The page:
A fine, unmarried woman fine enough to marry

Lately I’ve been getting what I consider an odd comment, but when I think about it, I think it’s just how some men compliment a woman: A couple of men have expressed surprise at my unmarried status because I am a fine woman and ought to make someone a good wife.

The physical therapist I saw Monday asked me why a fine woman like me wasn’t married. I had a stock answer (wanted to figure out how to make myself happy, rather than expect a man to do so) but later wondered why I even had to answer that question. I asked it of myself, and it occurred to me that there was an assumption that being married must be a desirable goal or state for everyone.

I got this assumption a second time at a company picnic last night, when I was again asked why a fine woman like me wasn’t married. Why didn’t I have a man? My expression led my questioner (whom I was dancing with at the time) to start sputtering and add, “Or a woman, uh, if, er, well…”

So why am I not married? Moving away from home when I was 25, into a place of my own, introduced me to a phenomenon I had never experienced at home before: Peace. No one to argue with, no one to get annoyed with, no one else’s routines to be considerate of, no demands. It was the first time in my life that home was completely undemanding. That, and my parents’ divorce leaving me with the very deep and strong desire to never go through something like that in my own marriage (one divorce is enough), has made me cautious about pairing up, as in living together. Perhaps I should have been a bit cavalier with my heart, but after years of loss and bullying, I had trust issues. So I worked on that and other issues without a mate, healing and growing at my pace, in my way. I honestly cannot see how I would have held a marriage (or a household) together happily during those years. I mean, I got rid of my anger only last year, and this year I’m finally learning to not let my disorganization sabotage my daily life.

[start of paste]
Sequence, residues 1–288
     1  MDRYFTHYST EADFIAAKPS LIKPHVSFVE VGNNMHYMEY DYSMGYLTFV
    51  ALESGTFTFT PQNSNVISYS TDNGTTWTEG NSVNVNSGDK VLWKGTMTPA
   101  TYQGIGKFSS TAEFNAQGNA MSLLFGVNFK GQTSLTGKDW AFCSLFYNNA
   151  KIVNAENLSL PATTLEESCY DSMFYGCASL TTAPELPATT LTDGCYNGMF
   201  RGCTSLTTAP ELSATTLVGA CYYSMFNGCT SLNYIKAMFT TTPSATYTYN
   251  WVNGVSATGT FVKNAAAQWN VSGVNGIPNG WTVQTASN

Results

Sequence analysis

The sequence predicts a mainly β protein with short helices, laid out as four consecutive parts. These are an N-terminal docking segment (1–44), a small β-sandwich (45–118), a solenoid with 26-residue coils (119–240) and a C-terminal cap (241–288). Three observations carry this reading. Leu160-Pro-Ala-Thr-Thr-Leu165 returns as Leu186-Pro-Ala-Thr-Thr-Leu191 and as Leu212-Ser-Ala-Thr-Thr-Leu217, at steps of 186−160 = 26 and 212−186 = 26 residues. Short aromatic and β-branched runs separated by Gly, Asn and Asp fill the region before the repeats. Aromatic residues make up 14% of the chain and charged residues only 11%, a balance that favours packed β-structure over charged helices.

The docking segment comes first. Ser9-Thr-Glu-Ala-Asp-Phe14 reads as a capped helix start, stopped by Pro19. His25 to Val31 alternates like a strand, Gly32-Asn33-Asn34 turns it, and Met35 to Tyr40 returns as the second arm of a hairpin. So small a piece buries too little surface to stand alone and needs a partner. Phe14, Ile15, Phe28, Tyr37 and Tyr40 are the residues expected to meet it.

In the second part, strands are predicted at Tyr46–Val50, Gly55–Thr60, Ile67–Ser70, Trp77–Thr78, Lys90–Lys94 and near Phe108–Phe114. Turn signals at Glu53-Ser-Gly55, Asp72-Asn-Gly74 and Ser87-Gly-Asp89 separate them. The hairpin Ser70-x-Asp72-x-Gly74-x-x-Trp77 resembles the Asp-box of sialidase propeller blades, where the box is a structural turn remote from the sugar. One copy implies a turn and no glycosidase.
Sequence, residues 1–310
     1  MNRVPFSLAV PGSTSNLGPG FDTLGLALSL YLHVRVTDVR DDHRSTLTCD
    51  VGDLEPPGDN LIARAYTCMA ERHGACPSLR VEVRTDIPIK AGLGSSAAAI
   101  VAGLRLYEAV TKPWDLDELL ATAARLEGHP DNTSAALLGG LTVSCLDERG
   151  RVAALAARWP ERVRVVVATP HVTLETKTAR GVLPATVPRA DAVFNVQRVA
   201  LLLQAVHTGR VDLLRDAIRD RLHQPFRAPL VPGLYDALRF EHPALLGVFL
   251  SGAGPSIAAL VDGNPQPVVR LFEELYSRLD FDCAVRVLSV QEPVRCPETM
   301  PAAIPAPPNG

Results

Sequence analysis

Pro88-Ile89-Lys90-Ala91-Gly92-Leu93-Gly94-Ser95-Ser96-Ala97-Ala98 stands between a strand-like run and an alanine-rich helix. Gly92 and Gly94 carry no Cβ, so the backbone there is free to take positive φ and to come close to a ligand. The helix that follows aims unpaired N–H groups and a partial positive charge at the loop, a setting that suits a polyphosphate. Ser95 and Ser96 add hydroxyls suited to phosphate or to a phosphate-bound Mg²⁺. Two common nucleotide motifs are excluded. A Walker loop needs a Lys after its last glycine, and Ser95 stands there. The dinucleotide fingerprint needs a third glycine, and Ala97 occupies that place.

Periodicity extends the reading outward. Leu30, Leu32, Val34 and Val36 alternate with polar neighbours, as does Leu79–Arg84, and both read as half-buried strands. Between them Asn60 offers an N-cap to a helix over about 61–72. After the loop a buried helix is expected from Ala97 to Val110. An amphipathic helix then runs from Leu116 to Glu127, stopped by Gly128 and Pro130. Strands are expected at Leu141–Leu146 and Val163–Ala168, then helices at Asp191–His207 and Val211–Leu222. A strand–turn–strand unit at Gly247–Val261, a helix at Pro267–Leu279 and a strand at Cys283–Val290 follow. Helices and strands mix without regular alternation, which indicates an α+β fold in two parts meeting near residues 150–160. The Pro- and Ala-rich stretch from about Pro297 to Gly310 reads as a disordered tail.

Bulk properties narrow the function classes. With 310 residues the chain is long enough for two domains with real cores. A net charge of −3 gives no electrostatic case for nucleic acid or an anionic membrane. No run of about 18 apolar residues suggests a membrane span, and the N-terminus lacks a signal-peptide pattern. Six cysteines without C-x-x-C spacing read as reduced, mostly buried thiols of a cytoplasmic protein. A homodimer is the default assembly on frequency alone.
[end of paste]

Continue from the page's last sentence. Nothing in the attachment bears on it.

Yes, some folks would say I might have gotten over some issues and anger, etc., sooner with a mate, but the fact is, neither they nor I can know that for sure. After all, I still have to answer to myself, be responsible for myself and my needs and wants, whether or not I’m with someone. As for the future, I am no longer at an age for starting a family, so that leaves twosomeness for its own sake, and I see no point in seeking it out just because “everybody else” does. There has to be a very good reason – a very wonderful person – to get me to give up my current, happy single life. Someone who won’t pull me off my spiritual path, and my newfound desire for peace and simplicity. I am also an introvert, meaning I re-energize by spending time alone, so I can’t be around other people all the time. The fit between me and somebody else is going to either give me my space and alone time, or energize me, or both. I haven’t yet met a romantic interest that fits that bill.

By Keera Ann Fox

I am a bi-lingual American who has lived most of my life in Norway.
Jeg er en tospråklig amerikaner som har bodd mesteparten av mitt liv i Norge.

2 replies on “A fine, unmarried woman fine enough to marry”

My daughter and I talk about these issues some, as she\’s reached the supposedly \”marriageable\” age. I\’m starting to wonder if so many marriages fail because the piece of paper is a substitute for a real commitment, and that makes me feel fairly ambivalent about the institution — I want to see her happy, and if she chooses to share her life with someone, I want to see her in a healthy relationship. Seeing her get married is pretty far down on the list. (And don\’t get me started on the whole issue of having children… 😉


Marriage isn\’t for everyone and I personally have never approached that particular institution frivolously. Too many people do, with some unhappy results. As for the reactions I get, I have just read that Norway has a higher birth rate per woman than the rest of Europe, because it is still expected that women shall get married and have children and are expected to want to – after they\’ve finished their master\’s degree (i.e. childbearing is just delayed, not made an option). So I break all the rules and that probably baffles a few here. But I\’m happy and that should really be what matters to anyone, as it does for you regarding your daughter.


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